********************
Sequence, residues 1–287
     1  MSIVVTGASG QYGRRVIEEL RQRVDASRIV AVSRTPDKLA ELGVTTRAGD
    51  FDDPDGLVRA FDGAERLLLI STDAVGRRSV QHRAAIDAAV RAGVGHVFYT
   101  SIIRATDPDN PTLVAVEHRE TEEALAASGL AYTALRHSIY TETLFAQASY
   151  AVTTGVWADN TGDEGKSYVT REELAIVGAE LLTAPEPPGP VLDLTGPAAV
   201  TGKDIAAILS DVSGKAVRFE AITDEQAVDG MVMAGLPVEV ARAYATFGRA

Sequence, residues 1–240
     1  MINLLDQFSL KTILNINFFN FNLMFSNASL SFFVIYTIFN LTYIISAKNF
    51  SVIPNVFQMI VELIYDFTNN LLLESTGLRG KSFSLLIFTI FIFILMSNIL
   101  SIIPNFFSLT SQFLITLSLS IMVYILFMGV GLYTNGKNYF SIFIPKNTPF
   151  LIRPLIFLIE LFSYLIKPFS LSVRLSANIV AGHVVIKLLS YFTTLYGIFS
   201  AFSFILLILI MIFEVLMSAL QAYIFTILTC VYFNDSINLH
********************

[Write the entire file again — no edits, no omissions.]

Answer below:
Sequence, residues 1–287
     1  MSIVVTGASG QYGRRVIEEL RQRVDASRIV AVSRTPDKLA ELGVTTRAGD
    51  FDDPDGLVRA FDGAERLLLI STDAVGRRSV QHRAAIDAAV RAGVGHVFYT
   101  SIIRATDPDN PTLVAVEHRE TEEALAASGL AYTALRHSIY TETLFAQASY
   151  AVTTGVWADN TGDEGKSYVT REELAIVGAE LLTAPEPPGP VLDLTGPAAV
   201  TGKDIAAILS DVSGKAVRFE AITDEQAVDG MVMAGLPVEV ARAYATFGRA

Sequence, residues 1–240
     1  MINLLDQFSL KTILNINFFN FNLMFSNASL SFFVIYTIFN LTYIISAKNF
    51  SVIPNVFQMI VELIYDFTNN LLLESTGLRG KSFSLLIFTI FIFILMSNIL
   101  SIIPNFFSLT SQFLITLSLS IMVYILFMGV GLYTNGKNYF SIFIPKNTPF
   151  LIRPLIFLIE LFSYLIKPFS LSVRLSANIV AGHVVIKLLS YFTTLYGIFS
   201  AFSFILLILI MIFEVLMSAL QAYIFTILTC VYFNDSINLH